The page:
June 2019. Digital repeat patterns of handwoven glass beads, inspired by a watercolour painting (see below).
By designing these surface design patterns out of handwoven glass beads, I am reimagining the material function of the technique and medium.
April 2019. 16x20”. Digital print of distorted painting on cotton sateen, polyester thread, silk thread, cotton sateen backing, poly-cotton batting.
Influx is a series of three digital textile installations taking the form of a quilt and two wall hangings. This series is based on a mixed media painting I made in 2016 called Sting Me Not. The original painting was photographed, printed on paper, scanned and distorted, printing on paper, scanned and distorted, printed on fabric, multiple times. The print in each piece therefore contains layers of memories of the original painting. Between each print, I beaded directly on the paper or fabric before scanning and distorting the image.
Slippery Space (Prototype)
March 2019. 12x32” each. Digital print of distorted painting, rubbing alcohol, cotton and silk organza, on paper. Installation view and details.
December 2018. 16x30.5”. Digital print of distorted polychromatic print on silk organza.
Artist’s original poem hand-written and printed with fibre reactive dye, then distorted using Audacity and PhotoShop.
December 2018. 8.5x11” - 16x28”. Digital scan of physical and digital manipulations of a photograph of buta paisley motif, digitally printed on cotton sateen. Rubbing alcohol, PhotoShop, and Audacity were used to create the distortions. Installation view and details.
“The Living Buta” is a living documentation of an ongoing process of the distortion and reinterpretation of the Kashmiri floral motif as a reflection of a Pakistani-Canadian artist. In this series I am exploring and reconsidering in my own way the historic buta (also known as the paisley) motif through intuitive experimentation of digital technologies and hand manipulation techniques. Each distorted image is able to stand on its own as well as be part of this living series.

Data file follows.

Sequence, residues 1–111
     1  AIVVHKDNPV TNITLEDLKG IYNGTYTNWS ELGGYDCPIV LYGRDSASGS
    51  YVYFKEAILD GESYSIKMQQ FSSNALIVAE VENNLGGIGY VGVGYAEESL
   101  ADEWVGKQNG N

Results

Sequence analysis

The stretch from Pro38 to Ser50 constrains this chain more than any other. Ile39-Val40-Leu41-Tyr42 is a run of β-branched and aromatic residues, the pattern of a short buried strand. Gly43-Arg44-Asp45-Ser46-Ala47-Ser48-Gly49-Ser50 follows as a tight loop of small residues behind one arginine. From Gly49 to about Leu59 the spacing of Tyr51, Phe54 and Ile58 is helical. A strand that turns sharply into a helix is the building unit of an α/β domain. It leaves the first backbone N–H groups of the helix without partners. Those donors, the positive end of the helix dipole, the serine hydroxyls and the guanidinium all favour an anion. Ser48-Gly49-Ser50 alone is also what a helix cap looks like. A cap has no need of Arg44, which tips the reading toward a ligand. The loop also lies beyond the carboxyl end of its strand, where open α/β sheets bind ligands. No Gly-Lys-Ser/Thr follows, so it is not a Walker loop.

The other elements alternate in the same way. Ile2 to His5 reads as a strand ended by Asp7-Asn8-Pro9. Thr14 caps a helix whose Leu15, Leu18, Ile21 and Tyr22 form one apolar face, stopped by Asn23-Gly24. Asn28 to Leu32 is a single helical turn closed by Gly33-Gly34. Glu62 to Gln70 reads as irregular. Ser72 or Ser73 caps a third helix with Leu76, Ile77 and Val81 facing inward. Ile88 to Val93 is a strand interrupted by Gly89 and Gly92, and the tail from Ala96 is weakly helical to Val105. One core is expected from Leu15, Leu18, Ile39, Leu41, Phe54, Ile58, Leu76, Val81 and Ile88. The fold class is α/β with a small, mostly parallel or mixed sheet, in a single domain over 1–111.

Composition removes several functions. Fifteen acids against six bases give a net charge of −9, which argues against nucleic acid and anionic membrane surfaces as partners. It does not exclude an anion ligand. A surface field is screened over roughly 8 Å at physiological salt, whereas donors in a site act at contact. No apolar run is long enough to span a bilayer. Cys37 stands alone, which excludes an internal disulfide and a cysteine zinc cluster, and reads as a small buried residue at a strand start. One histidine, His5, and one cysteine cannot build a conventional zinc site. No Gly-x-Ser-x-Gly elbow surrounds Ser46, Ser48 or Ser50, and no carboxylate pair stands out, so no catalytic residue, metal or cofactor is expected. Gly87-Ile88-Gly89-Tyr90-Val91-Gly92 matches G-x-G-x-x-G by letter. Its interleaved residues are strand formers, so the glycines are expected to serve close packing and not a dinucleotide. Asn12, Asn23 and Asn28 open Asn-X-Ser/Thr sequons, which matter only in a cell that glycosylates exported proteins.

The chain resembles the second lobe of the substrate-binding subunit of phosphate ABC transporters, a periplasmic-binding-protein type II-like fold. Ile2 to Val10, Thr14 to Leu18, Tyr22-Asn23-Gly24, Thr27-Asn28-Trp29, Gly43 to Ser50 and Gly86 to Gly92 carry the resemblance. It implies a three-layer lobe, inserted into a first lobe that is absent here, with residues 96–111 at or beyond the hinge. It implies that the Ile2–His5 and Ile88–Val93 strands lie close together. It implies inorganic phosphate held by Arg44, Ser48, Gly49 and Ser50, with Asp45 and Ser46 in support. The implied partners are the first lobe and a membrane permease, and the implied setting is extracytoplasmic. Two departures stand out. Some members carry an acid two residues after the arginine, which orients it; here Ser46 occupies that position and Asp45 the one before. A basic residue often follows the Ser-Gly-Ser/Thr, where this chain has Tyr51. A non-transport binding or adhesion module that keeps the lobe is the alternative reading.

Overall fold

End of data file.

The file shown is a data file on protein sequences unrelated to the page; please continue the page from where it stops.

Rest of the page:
The title, “the Living Buta”, is a reference to things that don’t die. The buta motif, believed to have been initiated in the 7th century, continues to live in many forms and functions today. This series began with a quick photograph of my buta shaw from the Middle East. I distorted this photo on Audacity, a sound-editing software that allowed me to manipulate the data of this image. On Audacity, I could only hear the sound of my image changing, but not see it visually until I saved the file. Similarly, some of the glitches included interrupted their digital scan physically with my hand, so that the scanner follows the movement of the cloth on the flatbed. In both cases, the final motif was unknown until the process was completed. This ongoing glitch of the buta is to represent centuries of distortion of this motif by people who knew and did not know the history and symbolic meaning of it.
Lines and Dye
An exploration of various surface design techniques, each piece is approximately 8x8” and is part of a hand-bound fabric book. Through machine embroidery, I divided colours into shapes to create landscapes of the imagination. The nature of the fibre-reactive dye and embroidery allows each piece to be visually attractive on both sides of the fabric.